Premiering at Frighfest this past August, was Frida Kempff’s fictional feature film debut, ‘Knocking’, which is based on the bestseller by Johan Theorin. This Swedish thriller focuses on Molly, newly released from a mental health institution following a traumatic event, who hears constant knocking in her apartment building. Convinced someone is in trouble, Molly sets out to uncover the truth, but her neighbours and the authorities don’t believe her.
Some Scandinavian crime fiction has a tendency to focus on mundane day to day activity. The stories are often equivalent to kitchen sink dramas. ‘Knocking’ is no different. The film has a very bland colour palate throughout and is more or less set in Molly’s neighbourhood, so the same set pieces feature over and over as the story progresses.
Whilst viewing the film, I couldn’t help feel that I’d seen this story unfold hundreds of times before, most recently (and with better execution to boot) in ‘Fear of Rain’. I’m all for a simple story, well told, but ‘Knocking’ dragged for me, and at a scant 78 minutes, I don’t think I should have felt that way.
There are attempts to liven things up a little, with some good stunt work and experimental camerawork, and I appreciated what the director was trying to do, but I didn’t really feel invested in any way.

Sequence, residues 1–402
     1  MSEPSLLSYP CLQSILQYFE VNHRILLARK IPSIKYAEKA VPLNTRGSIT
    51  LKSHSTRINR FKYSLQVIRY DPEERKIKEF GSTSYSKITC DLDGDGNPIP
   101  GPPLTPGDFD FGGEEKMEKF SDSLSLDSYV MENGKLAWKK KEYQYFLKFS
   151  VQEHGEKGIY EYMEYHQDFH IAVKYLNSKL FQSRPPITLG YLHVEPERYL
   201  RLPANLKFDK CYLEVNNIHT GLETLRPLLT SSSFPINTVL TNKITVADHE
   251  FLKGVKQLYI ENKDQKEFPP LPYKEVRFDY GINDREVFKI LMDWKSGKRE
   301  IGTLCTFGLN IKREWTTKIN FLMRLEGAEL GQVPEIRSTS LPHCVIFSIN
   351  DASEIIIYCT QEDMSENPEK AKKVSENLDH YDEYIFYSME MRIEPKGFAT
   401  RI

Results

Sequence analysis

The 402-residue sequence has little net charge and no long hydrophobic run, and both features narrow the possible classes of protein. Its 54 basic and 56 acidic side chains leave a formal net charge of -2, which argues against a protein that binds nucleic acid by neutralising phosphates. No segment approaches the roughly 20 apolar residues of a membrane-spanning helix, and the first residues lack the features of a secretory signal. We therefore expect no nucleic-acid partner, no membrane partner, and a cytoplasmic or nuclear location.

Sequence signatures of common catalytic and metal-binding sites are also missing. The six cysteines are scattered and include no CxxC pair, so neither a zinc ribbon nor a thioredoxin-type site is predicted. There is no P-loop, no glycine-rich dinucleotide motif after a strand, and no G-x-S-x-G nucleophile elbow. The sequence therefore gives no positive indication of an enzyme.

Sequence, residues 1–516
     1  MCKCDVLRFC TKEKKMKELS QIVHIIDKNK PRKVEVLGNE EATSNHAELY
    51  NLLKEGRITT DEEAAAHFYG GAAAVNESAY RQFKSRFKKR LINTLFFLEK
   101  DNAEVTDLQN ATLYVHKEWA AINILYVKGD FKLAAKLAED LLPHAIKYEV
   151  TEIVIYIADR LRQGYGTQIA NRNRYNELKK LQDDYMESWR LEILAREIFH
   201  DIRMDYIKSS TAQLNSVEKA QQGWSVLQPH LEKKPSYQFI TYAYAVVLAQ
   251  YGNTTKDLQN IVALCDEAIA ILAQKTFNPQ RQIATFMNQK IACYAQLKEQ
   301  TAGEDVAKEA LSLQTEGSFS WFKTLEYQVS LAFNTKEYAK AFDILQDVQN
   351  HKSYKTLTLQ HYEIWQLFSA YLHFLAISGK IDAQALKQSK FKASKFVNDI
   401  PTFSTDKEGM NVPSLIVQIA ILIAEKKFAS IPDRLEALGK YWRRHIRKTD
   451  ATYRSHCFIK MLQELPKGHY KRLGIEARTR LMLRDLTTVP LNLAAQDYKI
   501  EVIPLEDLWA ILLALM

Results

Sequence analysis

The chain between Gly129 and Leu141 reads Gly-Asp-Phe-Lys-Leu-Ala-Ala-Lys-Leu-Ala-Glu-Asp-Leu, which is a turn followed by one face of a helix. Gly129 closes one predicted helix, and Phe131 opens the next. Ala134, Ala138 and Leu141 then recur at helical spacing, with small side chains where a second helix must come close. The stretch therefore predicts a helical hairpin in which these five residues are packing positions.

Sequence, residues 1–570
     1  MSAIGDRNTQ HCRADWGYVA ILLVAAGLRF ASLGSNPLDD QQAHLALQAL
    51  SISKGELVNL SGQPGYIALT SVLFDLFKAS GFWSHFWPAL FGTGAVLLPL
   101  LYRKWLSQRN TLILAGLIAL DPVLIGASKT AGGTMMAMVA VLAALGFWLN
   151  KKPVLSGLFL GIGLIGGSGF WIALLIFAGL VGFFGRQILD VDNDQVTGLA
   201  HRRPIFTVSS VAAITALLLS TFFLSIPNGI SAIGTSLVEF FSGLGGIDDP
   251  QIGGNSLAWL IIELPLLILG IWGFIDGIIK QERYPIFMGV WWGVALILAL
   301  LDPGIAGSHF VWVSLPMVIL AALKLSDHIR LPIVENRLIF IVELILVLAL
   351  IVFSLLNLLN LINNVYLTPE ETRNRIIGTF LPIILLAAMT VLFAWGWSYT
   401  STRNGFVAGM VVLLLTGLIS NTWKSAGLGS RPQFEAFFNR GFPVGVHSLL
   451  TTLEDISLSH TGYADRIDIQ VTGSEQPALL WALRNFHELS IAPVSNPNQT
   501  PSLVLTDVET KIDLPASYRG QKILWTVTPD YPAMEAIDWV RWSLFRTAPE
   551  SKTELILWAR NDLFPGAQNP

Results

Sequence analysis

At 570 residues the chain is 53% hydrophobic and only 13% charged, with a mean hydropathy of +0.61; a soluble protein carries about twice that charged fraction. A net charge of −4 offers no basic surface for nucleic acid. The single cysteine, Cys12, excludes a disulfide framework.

Cecilia Milocco gives a strong performance as our lead, but I was bored. I appreciate that I am perhaps spoiled with bigger budget movies or that culturally I didn’t “get” what the filmmakers were going for, or that I’m not the intended audience – I think the director wanted to make a horror movie about the place of women within society and how they are treated, but it was so one note throughout that it didn’t challenge me, or make me feel the emotions one would expect to.
The film did come to a swift and satisfying conclusion, but I was glad my ordeal of watching it was over rather than feeling glad that Molly had a resolution.
This felt far too similar to many recent films such as ‘The Woman in the Window’ and there were shades of ‘Saint Maud’ and ‘Relic’ throughout, but there are far better Scandinavian thrillers available to watch. I don’t think I’ve been this disappointed with one since ‘The Snowman’.